What are your reasons for wanting to play guitar?

In many typical guitar lessons, you would tell the teacher what song you wanted to learn, and they’d teach it to you. Over. And over. Wash, rinse, repeat.

At THE STUDIO, we do things a little differently. Sure, you can tell your teacher the songs you’d like to learn, and yep, you’ll learn ’em. You will also learn how music works, and how your instrument drives it, with you at the wheel. That means learning the mechanics of music (basic theory), the mechanics of your instrument, working on your physical dexterity, doing some ear training and some improvisation. (Improv to guitar players is like pig skin to football players – you rarely have one without the other.)

It’s a far more complete approach to learning guitar.

It’s a far more complete approach to falling head over heels in love with it too.

Beginner guitar lessons are appropriate for ages….well, it’s really all about the size of your hands. If your hands are big enough, then you’re ready. Often that’s around 10 years old, but definitely depends on the person.

Music theory can be intimidating, and it can be dry. However, with the right approach, and with the right teacher, music theory can also be exciting and illuminating. All of a sudden, the mechanics of music come to life, and the road map makes sense. With good theory training, not only does your instrument make more sense, but the world of songwriting can be vastly opened up. Music theory is intertwined with many other aspects of music: songwriting, arranging, ear training, and improvisation, to name a few. Our teachers bring music theory alive, and help you understand the functionality of common musical elements within different genres of music.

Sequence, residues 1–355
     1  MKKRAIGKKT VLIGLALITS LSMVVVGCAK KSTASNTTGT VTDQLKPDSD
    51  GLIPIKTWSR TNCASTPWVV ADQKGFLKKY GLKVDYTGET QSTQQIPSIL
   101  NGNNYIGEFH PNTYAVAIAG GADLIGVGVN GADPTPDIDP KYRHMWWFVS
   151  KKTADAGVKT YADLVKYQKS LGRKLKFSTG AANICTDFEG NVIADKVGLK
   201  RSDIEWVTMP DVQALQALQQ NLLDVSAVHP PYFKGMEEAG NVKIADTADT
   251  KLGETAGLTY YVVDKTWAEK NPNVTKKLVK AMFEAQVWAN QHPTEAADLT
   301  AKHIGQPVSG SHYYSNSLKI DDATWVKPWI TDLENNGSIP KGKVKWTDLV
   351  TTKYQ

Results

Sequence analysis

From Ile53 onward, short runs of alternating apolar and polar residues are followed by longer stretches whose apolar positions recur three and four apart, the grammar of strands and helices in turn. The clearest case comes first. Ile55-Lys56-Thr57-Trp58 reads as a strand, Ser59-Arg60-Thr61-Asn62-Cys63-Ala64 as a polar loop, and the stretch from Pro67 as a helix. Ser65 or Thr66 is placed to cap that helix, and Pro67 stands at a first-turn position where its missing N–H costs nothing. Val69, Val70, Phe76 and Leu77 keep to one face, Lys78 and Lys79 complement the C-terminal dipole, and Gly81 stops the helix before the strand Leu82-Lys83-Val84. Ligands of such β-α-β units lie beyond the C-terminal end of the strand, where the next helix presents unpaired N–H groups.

In theory, we will examine the fundamental grammar and syntax of tonal music, and develop your skills in notation and analysis of basic pitch and rhythmic structures. We will progress from the overtone series, intervals, scales and modes through rhythm and meter, chords and principles of voice-leading, harmonic progression theory, root position part-writing and use of chord inversions to create more melodic bass lines and a greater variety of vertical sonorities, chord scales/harmonic extensions, parallel harmony, and reharmonization.

But don’t let all those big, scary words send you running. We’ll start at your level (whether that’s zero theory or university degree theory)…and progress logically from there. And it’ll actually be fun. Really, it will.

Ear training is an incredibly important part of advanced musicianship. Being able to translate the music you hear to what you play under your hands or put down on paper, or alternately, to translate the music that’s written on the paper into your hands or voice, are skills that are integral to working musicians.

In these Ear Training lessons, we will concentrate on melodic, harmonic, and rhythmic dictation and sight singing.

Improvisation is often part of private music lessons on any given instrument. For those who wish to focus on it more fully, specific improv lessons are available. And while improvising can be intimidating, it can also be incredibly fun and rewarding.

At its most basic, improvisation is being able to play or sing unplanned solos over chord changes. That’s it. Doesn’t sound so hard, right? There is some learning that goes on behind the scenes of every good improviser, however.

If you study improv, you will begin with rhythmic concepts, basic chord-scale relationships and development of technical exercises for basic chord progressions. As your study of goes deeper, you will begin to analyze chord progressions and undertake more advanced chord-scale analysis. Eventually, you will get to melodic minor modes, including the “altered” scale, whole-tone and diminished symmetrical chord scales, chromaticism, chromatic approaches using pentatonic and altered pentatonic scales, and more.